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See Inside May 2009

Taming Humanity's Urge to War

Must lethal conflict be an inevitable part of human culture?

SALT LAKE CITY—As deep as scientists peer into human history and prehistory, they have found evidence of violence. That was the bad news from 17 researchers in anthropology and other fields at “The Evolution of Human Aggression: Lessons for Today’s Conflicts” conference, held at the University of Utah at the end of February. The good news is that much can be done to reduce lethal conflict in the world today. As participant Frans B. M. de Waal of Emory University put it, humans are not “destined to wage war forever.”

De Waal, who studies primates, noted that observations of lethal group encounters among chimpanzees, our closest genetic relatives, have promulgated the fatalistic belief that “war is in our DNA.” But chimps are also “peacemakers,” de Waal pointed out; they reconcile after fights by hugging, mouth and hand kissing, mutual grooming and food sharing. Humans engage in such behavior, too, de Waal said, flashing a photograph of John McCain and George W. Bush embracing—albeit with hideously insincere grins—after their bitter primary contest in 2000.

Reconciliation takes place, de Waal contended, “whenever parties stand to lose if their relationship deteriorates.” Chimpanzees from different troops, which compete for territory and hence treat one another with lethal hostility, rarely if ever reconcile, he noted. Among humans, however, “interdependencies between groups or nations are not unusual.” To promote peace, he suggested, nations should foster economic interdependence through alliances such as the European Union. Although the E.U. has “not created love between Germany and France” and other former adversaries, de Waal acknowledged, it has greatly reduced the likelihood of war in Europe.

Harvard University anthropologist Richard Wrangham agreed with de Waal that primate violence is not compulsive, or “instinctual,” but is “extremely sensitive to context.” One of the most robust predictors of violence between two groups of primates, Wrangham proposed, is an imbalance of power. Chimps from one troop invariably attack individuals from a rival troop when the attackers have an overwhelming number advantage and hence a minimal risk of death or injury.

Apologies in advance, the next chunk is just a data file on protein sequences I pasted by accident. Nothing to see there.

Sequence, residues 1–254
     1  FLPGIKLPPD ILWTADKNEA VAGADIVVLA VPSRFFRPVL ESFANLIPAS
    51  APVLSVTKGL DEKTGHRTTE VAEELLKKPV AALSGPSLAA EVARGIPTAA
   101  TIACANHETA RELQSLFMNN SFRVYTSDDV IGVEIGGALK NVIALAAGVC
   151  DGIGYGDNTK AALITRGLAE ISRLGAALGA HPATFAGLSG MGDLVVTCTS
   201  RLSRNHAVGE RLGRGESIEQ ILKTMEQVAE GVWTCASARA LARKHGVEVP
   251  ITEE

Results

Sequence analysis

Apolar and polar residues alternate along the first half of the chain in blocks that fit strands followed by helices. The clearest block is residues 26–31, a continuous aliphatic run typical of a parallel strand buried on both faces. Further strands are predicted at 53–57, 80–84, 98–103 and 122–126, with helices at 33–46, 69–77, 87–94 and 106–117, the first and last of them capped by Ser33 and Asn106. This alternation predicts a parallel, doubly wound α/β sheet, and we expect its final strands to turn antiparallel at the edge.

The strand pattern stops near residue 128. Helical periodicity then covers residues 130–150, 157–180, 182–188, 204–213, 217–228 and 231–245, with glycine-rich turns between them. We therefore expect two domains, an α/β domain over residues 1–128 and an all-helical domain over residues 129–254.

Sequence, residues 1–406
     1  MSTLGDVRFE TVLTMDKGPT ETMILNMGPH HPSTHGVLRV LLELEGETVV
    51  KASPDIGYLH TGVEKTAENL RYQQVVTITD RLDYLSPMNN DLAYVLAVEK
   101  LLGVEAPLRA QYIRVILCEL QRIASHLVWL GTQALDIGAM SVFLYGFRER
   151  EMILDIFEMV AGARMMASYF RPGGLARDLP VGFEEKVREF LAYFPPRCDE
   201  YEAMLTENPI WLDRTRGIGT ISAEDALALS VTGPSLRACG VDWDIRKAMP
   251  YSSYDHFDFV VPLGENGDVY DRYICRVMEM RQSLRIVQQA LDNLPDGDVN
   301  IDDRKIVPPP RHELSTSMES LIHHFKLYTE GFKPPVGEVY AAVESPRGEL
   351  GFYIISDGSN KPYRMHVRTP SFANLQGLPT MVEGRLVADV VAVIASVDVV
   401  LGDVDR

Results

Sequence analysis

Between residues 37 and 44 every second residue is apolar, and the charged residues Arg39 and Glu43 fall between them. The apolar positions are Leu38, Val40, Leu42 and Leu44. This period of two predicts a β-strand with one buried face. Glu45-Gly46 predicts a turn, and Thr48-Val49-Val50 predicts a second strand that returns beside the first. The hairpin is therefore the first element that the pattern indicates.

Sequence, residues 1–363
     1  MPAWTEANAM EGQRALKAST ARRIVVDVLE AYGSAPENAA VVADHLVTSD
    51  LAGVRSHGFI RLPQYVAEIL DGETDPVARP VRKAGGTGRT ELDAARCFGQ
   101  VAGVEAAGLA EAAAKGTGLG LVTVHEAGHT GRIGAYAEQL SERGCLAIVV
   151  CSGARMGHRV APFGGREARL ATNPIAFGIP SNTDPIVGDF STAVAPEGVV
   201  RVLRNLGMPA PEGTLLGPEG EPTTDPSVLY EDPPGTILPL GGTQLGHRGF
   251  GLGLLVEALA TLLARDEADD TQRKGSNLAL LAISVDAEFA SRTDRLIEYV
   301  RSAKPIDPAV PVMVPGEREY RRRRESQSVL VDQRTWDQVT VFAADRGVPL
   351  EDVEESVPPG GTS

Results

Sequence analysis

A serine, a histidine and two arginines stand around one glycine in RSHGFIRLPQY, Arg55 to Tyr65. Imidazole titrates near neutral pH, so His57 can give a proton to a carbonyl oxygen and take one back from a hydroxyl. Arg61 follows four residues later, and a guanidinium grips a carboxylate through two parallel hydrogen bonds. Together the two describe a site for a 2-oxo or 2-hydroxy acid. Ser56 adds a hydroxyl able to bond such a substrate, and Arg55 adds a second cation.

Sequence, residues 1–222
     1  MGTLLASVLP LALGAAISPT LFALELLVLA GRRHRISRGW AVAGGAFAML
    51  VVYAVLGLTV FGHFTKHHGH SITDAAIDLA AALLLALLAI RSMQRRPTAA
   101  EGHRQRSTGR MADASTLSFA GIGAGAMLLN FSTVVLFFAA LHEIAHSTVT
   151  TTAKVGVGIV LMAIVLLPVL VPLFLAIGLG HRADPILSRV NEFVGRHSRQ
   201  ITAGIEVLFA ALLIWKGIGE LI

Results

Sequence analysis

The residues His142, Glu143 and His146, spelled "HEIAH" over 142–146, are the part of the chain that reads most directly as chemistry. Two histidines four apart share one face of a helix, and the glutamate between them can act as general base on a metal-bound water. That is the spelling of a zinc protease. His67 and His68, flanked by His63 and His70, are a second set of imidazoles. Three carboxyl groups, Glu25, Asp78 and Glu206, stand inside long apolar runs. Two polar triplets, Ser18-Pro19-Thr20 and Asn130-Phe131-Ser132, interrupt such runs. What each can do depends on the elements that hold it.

Although humans are much less risk-averse than chimps, Wrangham asserted, human societies—from hunter-gatherers to modern nations such as the U.S.—also behave much more aggressively toward rival groups when they are confident they can prevail. Reducing imbalances of power between nations, Wrangham said, should reduce the risk of war.

So should controlling population, according to anthropologist Polly Wiessner of the University of Utah. Wiessner is an authority on the Enga, a tribal people who raise crops and pigs in the highlands of Papua New Guinea. Warfare first surged among them 200 years ago, Wiessner said, after the introduction of sweet potatoes led to food surpluses and rapid population growth. Mortality rates subsided after Enga elders instituted stricter rules for warfare, such as bans on killing of women and mutilation.

The introduction of modern medicine into Enga society some 25 years ago decreased childhood mortality, triggering another “youth bulge” and surge in tribal conflict. Mortality rates have soared, Wiess­ner explained, because Engans now fight with shotguns and automatic weapons rather than clubs, knives and spears, their traditional weapons. Moreover, young mercenaries called “Rambos” hire themselves out to tribes in exchange for cash, young women and other booty. Together with promoting birth control, giv­ing young men “a meaningful way forward in life” should decrease violence, Wiess­ner proposed.

Climate change has also driven conflict. This lesson emerged from Patricia Lambert’s studies of the Chumash, hunter-gatherers who inhabited the coast of southern California for millennia before the arrival of Europeans. Many Chumash skeletons display signs of violence, including skull fractures and embedded arrow or spear points. Analysis of tree rings and other evidence, said Lambert, an anthropologist at Utah State University, suggest that violence among the Chumash escalated during periods of drought.

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